Now twenty-three years gone, Artur Rubinstein remains to this
day one of the most popular and beloved pianists in the world.
His myriad recordings, which span more than six decades and
cover hundreds of works, are a living testament not only to
a great artist, but stand as a document of the progress and
maturity of a man, who though always possessed of tremendous
talent, was not always in control of his technique. These two
performances, nicely remastered and annotated by Living Era
show the pianist as a still relatively young man, and reflect
the result of his five year personal exile from the stage, a
time in which he practiced for twelve to sixteen hours a day,
and reemerged as one of the greatest pianists of the century.
Doubtless even as
long ago as 1932, the Tchaikovsky concerto must have attained
its warhorse status. Rubinstein and Barbirolli present a flashy
but not self-indulgent rendition. Tempo choices are brisk but
not too fast, and the rather lush slow movement is taken at
a serene pace, not overtly romanticized. Rubinstein plays with
panache and aplomb, tossing off the arpeggiated passages with
ease and thundering away in octaves with a great deal of power.
The editors here hold background noise from the 78-rpm originals
to a minimum, and the fullness of the sound is not hampered
by the noise reduction.
The Brahms performance
was the first complete recording of the work, and was hampered
in production by a number of difficulties which included inadequate
rehearsal time, the soloist and conductor having to be placed
at opposite ends of the room and temperature fluctuations which
caused the piano to fall frequently out of tune.
These poor conditions
contribute to a somewhat uneven performance, and as he was somewhat
want to do, Rubinstein blurs over some of the faster passagework
and drops enough notes for even the casual listener to notice
in the first movement. The latter three movements, however,
are much more even, perhaps owing to the musicians’ adjusting
to the adverse recording conditions. A difficult work to keep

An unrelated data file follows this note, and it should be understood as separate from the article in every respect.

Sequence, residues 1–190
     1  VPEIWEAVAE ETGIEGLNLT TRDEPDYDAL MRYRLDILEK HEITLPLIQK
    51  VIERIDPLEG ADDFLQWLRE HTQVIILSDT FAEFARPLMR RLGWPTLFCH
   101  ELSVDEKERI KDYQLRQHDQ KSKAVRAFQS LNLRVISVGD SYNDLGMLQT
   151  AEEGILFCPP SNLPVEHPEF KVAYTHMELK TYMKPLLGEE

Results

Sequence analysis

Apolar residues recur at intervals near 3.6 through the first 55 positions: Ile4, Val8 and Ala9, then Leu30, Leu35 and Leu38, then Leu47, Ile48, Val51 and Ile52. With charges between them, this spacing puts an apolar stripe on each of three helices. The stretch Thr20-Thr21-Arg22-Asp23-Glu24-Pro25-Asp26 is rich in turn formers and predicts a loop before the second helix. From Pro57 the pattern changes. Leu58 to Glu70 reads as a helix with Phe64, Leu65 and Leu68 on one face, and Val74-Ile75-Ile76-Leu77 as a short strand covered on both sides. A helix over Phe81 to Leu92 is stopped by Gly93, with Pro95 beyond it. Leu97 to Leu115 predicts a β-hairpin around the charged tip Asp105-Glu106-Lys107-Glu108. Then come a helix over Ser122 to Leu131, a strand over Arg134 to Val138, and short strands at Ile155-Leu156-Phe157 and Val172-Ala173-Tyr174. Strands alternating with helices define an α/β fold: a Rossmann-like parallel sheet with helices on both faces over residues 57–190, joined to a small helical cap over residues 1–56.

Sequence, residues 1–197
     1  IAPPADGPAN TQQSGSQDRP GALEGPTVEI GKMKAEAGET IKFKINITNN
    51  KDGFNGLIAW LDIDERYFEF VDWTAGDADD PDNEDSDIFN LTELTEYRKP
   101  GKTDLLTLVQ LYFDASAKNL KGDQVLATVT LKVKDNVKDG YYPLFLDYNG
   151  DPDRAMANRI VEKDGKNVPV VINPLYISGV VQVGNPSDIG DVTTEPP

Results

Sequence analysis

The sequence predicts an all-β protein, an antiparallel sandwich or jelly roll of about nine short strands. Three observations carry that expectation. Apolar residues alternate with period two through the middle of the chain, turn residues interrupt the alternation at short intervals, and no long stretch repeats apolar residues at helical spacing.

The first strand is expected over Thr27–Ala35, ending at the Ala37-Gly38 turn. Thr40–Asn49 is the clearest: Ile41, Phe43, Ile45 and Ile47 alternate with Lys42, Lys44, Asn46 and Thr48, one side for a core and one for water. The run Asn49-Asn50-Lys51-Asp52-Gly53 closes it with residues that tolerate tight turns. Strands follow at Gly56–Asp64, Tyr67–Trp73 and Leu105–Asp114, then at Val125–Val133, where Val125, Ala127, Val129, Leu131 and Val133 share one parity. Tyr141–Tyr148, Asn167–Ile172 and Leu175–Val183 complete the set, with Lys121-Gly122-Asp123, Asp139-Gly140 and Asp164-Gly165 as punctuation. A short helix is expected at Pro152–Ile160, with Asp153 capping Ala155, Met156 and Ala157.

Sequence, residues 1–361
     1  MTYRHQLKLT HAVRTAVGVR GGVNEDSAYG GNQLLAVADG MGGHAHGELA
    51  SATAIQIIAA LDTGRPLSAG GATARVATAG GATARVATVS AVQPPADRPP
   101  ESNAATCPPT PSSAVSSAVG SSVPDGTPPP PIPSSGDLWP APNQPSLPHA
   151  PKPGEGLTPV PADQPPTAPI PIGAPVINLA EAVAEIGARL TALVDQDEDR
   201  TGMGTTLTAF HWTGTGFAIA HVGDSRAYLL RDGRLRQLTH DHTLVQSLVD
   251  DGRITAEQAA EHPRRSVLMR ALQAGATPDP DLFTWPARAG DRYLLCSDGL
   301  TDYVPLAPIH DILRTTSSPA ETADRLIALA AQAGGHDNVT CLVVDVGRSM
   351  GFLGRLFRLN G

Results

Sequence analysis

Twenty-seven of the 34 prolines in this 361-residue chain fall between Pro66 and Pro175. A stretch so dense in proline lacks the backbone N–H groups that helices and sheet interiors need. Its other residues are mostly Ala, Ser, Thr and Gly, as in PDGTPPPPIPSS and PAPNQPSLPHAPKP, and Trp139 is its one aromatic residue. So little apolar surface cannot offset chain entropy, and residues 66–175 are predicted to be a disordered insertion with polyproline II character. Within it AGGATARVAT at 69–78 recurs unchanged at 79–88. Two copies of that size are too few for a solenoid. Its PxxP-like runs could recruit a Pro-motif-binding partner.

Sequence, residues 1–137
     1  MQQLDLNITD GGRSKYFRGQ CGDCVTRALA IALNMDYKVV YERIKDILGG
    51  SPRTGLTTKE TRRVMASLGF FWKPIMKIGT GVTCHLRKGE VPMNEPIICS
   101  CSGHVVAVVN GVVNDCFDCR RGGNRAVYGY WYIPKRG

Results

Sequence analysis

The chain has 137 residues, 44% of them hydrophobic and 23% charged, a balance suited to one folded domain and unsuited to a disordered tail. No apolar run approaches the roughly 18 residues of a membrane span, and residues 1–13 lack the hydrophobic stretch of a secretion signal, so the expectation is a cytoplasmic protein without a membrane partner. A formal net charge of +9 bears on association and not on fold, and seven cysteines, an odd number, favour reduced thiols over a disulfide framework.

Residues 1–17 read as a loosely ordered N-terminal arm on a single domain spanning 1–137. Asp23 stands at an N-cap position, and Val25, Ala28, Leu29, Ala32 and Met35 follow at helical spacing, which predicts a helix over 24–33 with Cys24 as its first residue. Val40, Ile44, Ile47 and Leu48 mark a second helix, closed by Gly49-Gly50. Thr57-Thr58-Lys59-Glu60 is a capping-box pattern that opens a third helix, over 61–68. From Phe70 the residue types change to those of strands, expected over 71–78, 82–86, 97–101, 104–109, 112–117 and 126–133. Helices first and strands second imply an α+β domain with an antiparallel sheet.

together both structurally and technically, Coates takes tempi
that are faster than what later in the century became the norm.
However, it should be noted that conductor and soloist alike
had studied the work with musicians who had known the composer
personally and had played it for him. It can be reasonably assumed
that the performance here is very close to the composer’s intentions
as related by himself. Special notice must go to the LSO principal
cellist (name unknown at this writing) for the lovely third
movement solo, which is played to perfection, and captured rather
warmly even in this primitive sound world.
Living Era have
issued a number of popular releases to wide acclaim, and it
is delightful to these ears that they have decided to plow into
the classical repertory. This series (I also reviewed a recent
Stokowski release from the same group of releases) is obviously
geared more to the artists than the music itself. To that end,
the program notes deal heavily with the performers bios and
with the circumstances under which the recordings were made.
This makes for interesting reading, and kudos goes to David
Patmore for his excellent program essay.
Thus far, everything
that has come across my desk from this series has been more
than worthy, and we can only hope for a long and continually
interesting stream of issues from this label. Strongly recommended,
especially for historical buffs.